1. Choosing the best time:
Train your clinic receptionist to ask the parents when the child is likely to be cooperative and/or awake. It is not uncommon for infants to sleep a lot during the day. It is also not uncommon for children on anti-seizure medication to be sleepy, thereby making examination difficult.
2. Child-friendly atmosphere:
Train your staff to speak to the child and address the child by name and smile and make the family feel welcome. The décor in the waiting area and in the examination room should be colorful with pictures and cut outs appropriate for a child. Furniture chosen should be non-impact and the flooring safe for children, if they fall. It should also be easy to maintain by wiping down frequently to prevent spread of infection. Using many colorful toys during examination takes away the fear of the experience to some extent for the child.
A child often associates white coats with doctors and hospitals. Hence it is best to avoid wearing one. If coats are mandatory it is a good idea to have a clip-on toy attached to the pocket or lapel, or a colorful mask as an accessory to take away to some extent the fear of the white coat
4. Prepare for the child’s entrance:
It is essential that the treating ophthalmologist is able to assess the child as he/she walks into the examining room. A child’s visual behavior and abnormal head posture if any can be quickly assessed. It is better to go through the patient’s record and be prepared for the child’s entry by turning your attention fully to the child.
5. Small talk and rapport:
Addressing the child by name or pet name with a smile, talking about any striking dress or accessory (especially in the 3 to 8 age group), asking them about their school, their class teacher and best friend put the child at ease. It also gives more chance to observe the child’s behavior. Younger children are best seated in the caregiver’s lap.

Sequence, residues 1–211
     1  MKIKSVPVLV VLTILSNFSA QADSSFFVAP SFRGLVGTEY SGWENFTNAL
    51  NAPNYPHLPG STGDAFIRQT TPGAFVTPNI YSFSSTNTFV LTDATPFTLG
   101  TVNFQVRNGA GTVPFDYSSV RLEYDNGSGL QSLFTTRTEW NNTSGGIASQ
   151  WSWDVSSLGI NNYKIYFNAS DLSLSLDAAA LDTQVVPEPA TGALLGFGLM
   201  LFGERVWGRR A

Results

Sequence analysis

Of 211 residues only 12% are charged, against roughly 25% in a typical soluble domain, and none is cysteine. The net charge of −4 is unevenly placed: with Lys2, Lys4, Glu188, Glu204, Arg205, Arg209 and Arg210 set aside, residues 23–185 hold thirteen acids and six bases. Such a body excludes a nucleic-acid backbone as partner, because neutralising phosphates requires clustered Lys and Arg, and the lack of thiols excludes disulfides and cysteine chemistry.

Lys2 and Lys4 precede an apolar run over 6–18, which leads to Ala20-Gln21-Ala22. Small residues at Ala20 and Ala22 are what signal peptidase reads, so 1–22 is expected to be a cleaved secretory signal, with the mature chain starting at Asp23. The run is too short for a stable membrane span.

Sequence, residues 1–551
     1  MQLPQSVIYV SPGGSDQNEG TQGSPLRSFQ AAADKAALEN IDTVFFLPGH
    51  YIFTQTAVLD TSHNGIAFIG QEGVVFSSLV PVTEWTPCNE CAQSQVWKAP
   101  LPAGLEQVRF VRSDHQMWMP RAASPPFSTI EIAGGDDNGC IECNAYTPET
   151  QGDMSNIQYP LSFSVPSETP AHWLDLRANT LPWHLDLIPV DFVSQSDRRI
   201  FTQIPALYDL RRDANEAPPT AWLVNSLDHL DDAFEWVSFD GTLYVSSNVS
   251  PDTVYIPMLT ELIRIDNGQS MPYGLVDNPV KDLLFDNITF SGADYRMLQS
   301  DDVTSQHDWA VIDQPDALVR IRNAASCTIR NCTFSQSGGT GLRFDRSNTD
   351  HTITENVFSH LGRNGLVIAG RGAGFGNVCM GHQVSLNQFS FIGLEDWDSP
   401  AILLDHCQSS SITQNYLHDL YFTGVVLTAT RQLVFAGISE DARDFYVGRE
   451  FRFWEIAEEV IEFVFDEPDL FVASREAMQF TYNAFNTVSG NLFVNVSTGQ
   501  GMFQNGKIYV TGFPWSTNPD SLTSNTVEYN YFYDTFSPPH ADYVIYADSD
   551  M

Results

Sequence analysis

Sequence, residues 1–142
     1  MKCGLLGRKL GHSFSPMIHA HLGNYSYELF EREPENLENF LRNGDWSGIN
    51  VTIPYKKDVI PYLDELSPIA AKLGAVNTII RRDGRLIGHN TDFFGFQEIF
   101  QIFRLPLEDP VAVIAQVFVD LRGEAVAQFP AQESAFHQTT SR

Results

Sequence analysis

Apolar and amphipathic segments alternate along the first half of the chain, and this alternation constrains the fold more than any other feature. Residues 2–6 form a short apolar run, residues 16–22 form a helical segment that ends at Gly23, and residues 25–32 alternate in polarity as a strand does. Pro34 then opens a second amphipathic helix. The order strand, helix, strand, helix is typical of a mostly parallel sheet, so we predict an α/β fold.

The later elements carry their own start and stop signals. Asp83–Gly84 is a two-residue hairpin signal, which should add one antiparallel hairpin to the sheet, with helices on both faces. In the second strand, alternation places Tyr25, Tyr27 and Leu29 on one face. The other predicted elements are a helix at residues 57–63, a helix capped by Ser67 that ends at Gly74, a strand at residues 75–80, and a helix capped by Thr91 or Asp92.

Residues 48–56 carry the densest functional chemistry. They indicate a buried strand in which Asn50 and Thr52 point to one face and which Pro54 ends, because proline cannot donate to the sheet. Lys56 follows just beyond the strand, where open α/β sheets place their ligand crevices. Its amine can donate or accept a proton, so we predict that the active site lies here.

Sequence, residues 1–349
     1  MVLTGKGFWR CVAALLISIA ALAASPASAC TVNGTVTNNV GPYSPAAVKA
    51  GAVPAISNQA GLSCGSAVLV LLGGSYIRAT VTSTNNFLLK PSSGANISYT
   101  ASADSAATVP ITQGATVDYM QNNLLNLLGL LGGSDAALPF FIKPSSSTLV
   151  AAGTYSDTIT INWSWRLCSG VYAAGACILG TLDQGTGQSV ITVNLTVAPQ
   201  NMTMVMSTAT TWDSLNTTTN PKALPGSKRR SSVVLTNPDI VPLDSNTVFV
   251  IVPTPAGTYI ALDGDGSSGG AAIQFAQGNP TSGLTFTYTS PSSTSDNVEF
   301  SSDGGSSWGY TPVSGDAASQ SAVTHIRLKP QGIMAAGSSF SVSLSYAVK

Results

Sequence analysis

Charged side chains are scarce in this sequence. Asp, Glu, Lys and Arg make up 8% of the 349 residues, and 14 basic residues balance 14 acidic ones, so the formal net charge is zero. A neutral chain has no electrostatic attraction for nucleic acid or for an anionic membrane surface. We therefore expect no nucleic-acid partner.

6. Get creative:
Children who are very uncooperative or burst into tears when entering the room may even need to be examined in the waiting area or corridor. One can pretend to be focused elsewhere, appear to be taking a walk away from the child, stay partially hidden or even engage the parent in covering either eye to check fixation.
7.Too shy or uncooperative for vision check?
This is not a problem. One can always send the parent home with a copy of the matching card of the Lea symbols. Parents are adviced to play the ‘matching game’ with two copies at home where the child does not even have to verbalize but can just point to the object. This will improve testability during the return visit
8. Cycloplegia time:
Often putting cycloplegic drops in the eyes is the most challenging part of the exam. Children have very strong feelings and cry a lot or become uncooperative subsequently. It is better to train staff to put the drops so that the child does not associate the drops with the doctor. The very uncooperative children can be subjected to atropine refraction where the parent is asked to apply Atropine ointment for three days after the child is asleep and bring the child back on the fourth day to complete the cycloplegic refraction.
9. Keep the child hungry or almost asleep for IOP checks:
Infants who need an Intraocular pressure measurement can be kept hungry. The IOP is checked as soon as the bottle is given to the child. A very hungry child who is gulping down the milk or juice usually permits a relatively painless quick procedure to be carried out.
10. Use technology:
There are situations wherein a satisfactory examination may not be accomplished in the first visit. Encourage parents to bring videos, photos of their child at home and at play. It is easier to see abnormal head posture, decompensating squints, etc. when the child is in a familiar atmosphere and is busy engaged in play. As far as selfies remember that the photo is flipped horizontally in Android phones. Photos both current and old are an invaluable resource. Parents can email them to you before the follow up too.
Hope these tips and tricks make examining children a little bit easier. Children liven up the clinic and examining them can be challenging but greatly rewarding.